protects all employees who are at least 40 years of age, against age discrimination in employment.
protects all persons who are at least 40 years of age, against age discrimination in employment.
protects all employees who are between the ages of 40 and 70 against age discrimination in employment.
1. Steve is 28 years old and Edie 38 years old. Both started working for their employer 9 ½ years ago and both will vest in their pension and retirement funds in 6 months. If they are both immediately fired:
Steve will have a valid ADEA claim because the firing appears to be related to terms of service.
Edie will have a valid ADEA claim because the firing appears to be related to terms of service and she is older than Steve.
Both Edie nor Steve will be afforded ADEA protections.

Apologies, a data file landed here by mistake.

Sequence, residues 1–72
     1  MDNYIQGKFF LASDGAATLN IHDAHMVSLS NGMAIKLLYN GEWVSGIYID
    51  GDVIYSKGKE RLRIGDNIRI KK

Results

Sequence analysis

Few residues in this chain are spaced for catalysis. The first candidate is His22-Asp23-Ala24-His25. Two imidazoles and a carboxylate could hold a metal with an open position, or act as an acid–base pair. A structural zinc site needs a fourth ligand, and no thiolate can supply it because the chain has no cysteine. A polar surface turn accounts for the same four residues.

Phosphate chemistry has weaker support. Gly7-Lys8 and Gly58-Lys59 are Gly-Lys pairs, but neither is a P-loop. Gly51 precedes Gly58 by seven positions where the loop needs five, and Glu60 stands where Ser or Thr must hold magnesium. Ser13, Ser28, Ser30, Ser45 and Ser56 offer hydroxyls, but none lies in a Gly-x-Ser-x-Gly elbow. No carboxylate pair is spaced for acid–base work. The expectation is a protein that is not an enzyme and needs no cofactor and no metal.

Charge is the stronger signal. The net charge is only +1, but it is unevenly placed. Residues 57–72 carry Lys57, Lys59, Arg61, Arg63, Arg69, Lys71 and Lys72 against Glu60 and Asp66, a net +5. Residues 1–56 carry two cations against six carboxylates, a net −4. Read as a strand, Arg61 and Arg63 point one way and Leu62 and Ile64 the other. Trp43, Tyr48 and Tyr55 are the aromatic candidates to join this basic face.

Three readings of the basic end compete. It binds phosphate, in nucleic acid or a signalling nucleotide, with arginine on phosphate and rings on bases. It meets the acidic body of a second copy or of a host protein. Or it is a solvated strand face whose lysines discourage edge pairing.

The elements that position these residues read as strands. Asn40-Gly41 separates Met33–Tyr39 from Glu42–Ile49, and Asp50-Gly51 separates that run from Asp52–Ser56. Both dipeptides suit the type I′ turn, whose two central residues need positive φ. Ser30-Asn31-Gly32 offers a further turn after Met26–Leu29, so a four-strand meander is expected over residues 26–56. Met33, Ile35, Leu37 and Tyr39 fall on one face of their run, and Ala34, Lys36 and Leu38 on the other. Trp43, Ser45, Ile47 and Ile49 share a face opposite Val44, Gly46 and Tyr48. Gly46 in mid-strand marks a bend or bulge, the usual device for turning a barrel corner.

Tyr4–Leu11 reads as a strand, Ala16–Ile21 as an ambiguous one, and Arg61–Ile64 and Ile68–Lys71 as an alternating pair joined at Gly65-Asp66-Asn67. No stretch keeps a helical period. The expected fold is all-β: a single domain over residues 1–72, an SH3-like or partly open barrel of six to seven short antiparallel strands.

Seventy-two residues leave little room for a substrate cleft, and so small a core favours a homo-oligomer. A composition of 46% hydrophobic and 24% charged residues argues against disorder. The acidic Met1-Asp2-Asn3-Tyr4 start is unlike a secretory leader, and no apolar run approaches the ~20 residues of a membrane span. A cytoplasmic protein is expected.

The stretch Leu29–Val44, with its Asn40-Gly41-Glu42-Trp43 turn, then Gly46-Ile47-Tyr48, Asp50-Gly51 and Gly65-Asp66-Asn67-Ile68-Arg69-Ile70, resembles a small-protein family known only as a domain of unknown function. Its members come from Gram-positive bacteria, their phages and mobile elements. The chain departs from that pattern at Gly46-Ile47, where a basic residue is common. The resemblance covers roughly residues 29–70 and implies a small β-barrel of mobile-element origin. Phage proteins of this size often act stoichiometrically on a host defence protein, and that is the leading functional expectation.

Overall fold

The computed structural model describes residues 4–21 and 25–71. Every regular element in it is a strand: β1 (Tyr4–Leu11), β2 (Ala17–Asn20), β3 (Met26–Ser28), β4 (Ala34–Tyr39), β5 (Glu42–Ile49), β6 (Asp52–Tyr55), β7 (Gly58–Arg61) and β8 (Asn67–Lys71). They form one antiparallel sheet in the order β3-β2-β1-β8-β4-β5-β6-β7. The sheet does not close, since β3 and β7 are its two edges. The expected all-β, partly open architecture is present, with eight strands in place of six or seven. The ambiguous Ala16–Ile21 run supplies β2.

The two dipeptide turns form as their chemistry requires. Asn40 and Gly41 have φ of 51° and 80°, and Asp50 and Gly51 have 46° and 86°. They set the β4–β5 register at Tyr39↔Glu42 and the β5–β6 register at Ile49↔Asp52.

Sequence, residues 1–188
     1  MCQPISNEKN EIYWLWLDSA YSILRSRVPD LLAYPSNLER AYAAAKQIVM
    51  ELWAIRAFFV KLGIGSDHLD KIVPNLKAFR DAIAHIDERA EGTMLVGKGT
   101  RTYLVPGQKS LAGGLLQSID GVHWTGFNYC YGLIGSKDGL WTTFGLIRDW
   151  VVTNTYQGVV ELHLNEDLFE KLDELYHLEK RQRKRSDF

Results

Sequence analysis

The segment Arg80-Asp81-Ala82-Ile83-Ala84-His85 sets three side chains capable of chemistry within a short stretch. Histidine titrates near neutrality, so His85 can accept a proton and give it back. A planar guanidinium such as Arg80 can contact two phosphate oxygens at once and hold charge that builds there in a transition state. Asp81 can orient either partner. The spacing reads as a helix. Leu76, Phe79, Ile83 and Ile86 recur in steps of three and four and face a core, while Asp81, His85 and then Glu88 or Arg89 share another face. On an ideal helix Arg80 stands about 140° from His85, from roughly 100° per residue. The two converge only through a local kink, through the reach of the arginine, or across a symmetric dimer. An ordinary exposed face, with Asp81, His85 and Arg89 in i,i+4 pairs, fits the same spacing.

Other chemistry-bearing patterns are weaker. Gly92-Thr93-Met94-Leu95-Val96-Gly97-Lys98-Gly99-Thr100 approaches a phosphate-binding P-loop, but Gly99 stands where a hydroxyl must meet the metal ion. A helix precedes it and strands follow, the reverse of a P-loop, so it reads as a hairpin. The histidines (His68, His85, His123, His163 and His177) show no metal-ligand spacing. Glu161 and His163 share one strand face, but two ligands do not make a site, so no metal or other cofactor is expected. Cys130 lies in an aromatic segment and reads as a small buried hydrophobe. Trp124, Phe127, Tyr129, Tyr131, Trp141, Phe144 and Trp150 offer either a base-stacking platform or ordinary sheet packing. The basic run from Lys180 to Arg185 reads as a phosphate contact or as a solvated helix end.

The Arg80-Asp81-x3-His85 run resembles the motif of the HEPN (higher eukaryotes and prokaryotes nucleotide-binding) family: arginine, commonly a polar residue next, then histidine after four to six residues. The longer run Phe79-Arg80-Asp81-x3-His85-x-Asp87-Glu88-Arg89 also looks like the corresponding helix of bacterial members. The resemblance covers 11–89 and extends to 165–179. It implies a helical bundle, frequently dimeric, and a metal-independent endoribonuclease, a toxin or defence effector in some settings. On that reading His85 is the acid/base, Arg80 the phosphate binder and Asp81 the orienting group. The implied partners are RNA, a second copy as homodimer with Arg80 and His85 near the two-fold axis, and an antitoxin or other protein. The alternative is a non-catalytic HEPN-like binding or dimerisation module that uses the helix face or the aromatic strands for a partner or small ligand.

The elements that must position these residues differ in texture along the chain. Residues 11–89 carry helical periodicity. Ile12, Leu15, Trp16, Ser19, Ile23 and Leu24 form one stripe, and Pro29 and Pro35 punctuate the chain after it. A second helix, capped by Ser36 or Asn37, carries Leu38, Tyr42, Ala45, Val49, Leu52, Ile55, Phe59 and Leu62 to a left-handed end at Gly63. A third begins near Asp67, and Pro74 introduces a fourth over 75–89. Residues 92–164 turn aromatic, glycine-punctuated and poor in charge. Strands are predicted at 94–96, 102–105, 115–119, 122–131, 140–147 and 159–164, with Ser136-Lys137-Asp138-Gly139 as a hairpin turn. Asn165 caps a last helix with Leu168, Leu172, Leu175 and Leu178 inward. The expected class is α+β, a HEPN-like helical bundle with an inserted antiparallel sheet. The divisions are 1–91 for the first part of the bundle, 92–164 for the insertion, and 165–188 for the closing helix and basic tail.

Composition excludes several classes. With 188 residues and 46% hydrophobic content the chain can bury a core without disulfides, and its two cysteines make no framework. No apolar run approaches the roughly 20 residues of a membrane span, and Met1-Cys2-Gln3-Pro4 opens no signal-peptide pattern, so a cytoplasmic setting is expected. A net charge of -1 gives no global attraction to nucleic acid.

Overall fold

Neither Edie nor Steve will be afforded ADEA protections.
1. Oncale v. Sundowner Offshore Services, Inc. was the first class action sexual harassment lawsuit ever filed.
1. The local T.V. station has an opening for evening sports caster. Yvonne, a recent graduate with a degree in broadcast journalism, applied for the job. She was told that they had to hire a man because the job required covering the local high school football teams and spending time in the locker rooms. Yvonne was not hired.
Yvonne has no claim for gender discrimination because the employer can use BFOQ as a valid defense.
Yvonne has a valid claim for gender discrimination and BFOQ cannot be used as a defense because the interviews of the players can take place outside the locker room.
Yvonne has no claim for gender discrimination because the employer can hire anyone he wants to represent his T.V. station.
None of the choices are correct.
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SUBJECTS / CATEGORIES:
1. Human Resource
2. Business Law/Corporate Law
3. General Law